Be Sure To Be Caffeinated

You sent me a picture of your coffee the other day.

A phrase, I noticed, had been printed on the cup:

           Life is short, stay awake for it.

You know what gets me about these phrases printed on coffee cups? The fact that they put any two phrases together they feel like (algorithms for every feeling):

              Children are small. You should overpower them.

              Cancer is real. You might as well crush pigeons.

Then they ship them out to hundreds of thousands of people (algorithms also); and all of them are grammatically correct, the people and the phrases. Like I said, algorithms for what they feel like. But that doesn’t make it alright.


When I drive you to the airport, it is as if the world is suspended; it’s as if all the apparatuses, the processing mechanisms of perception are in suspension. You would never know this by looking at me –

I begin to construct phrases in my head according to a private algorithm:

        Life is sad, you might as well have fun.

           Life is fun, so be sure to be caffeinated.

           I am a connoisseur of despair,

                                                     you mustn’t belong to me.

When I drive you to the airport we pass a billboard for Internet dating site that says:

          life is short,                

                             get compatible.

I feel lucky that your head is down digging for something in your purse.

Three things occur to me about this phrase that I do not share with you:

i. My apparatuses of perception were probably different before the Internet and Internet dating.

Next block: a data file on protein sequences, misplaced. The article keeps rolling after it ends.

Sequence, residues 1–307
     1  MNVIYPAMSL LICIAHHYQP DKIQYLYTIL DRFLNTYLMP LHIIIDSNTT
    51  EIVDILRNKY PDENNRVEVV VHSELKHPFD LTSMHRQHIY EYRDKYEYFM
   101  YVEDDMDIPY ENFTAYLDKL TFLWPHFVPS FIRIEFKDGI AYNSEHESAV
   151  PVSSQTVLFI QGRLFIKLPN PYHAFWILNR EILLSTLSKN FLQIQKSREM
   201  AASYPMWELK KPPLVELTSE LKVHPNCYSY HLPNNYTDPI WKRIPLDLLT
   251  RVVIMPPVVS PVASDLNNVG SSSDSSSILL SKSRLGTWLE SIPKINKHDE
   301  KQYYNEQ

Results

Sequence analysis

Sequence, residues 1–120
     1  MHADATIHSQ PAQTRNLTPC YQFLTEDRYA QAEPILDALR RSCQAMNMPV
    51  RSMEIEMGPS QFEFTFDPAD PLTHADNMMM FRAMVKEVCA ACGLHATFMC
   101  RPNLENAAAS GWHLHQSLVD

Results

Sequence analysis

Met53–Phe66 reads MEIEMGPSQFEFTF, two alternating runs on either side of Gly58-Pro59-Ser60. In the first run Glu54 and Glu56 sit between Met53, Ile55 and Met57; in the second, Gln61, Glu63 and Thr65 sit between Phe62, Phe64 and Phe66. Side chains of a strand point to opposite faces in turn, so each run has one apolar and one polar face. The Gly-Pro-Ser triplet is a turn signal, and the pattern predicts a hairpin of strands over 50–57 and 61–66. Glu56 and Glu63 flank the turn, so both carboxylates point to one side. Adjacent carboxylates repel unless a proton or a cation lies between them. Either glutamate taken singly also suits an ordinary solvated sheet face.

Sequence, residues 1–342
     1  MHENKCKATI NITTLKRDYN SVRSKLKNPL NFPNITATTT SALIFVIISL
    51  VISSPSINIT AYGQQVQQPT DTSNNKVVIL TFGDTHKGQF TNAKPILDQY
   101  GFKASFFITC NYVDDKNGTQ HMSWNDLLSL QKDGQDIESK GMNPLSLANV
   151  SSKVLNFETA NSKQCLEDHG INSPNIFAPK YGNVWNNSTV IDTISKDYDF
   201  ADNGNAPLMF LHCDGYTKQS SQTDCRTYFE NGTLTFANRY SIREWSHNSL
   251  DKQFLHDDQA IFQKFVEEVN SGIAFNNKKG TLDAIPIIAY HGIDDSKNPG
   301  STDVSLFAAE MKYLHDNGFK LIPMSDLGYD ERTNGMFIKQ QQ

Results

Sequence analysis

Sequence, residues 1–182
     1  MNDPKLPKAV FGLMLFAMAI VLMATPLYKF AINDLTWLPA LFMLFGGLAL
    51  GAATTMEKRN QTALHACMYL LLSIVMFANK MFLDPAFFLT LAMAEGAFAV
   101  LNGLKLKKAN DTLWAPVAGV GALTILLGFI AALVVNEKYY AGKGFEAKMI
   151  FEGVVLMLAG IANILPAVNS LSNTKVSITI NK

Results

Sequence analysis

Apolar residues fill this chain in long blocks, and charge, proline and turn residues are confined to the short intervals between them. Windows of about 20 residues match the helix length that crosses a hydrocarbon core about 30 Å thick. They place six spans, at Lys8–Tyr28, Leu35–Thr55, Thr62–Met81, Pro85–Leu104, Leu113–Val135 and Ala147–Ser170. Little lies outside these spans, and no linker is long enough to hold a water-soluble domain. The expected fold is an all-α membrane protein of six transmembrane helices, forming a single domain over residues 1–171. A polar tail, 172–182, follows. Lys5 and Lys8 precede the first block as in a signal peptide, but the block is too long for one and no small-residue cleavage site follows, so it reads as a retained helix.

ii. I am an enumerator of phrases, someone who makes up new words and phrases.

iii. The only people who create new words and phrases are the people who suffer from emotional/intellectual sterility.


At home. A flabby burrito’s on the counter that you left. I try not to look at my own reflection. All my poems are tombstones now that you’ve read them, thought about reading them,

then didn’t,

then did(?)

My bedroom is a sterile laboratory, vaulted like a church. I say the word ‘fuck’ into the room at a moderate volume. My voice resounds, shame upon shame.

I nearly catch sight of myself in the kitchen window. I turn away. Something occurs to me about this. A phrase comes back to me, another phrase I do not share with you:

I am an enumerator of phrases, 

                                     a flabby burrito is the opprobrium I deserve.

And all my poems look like hanker-chiefs that I want to blow my nose with.

All my poems look like butterflies wriggling on the wall; they don’t know that they don’t belong.

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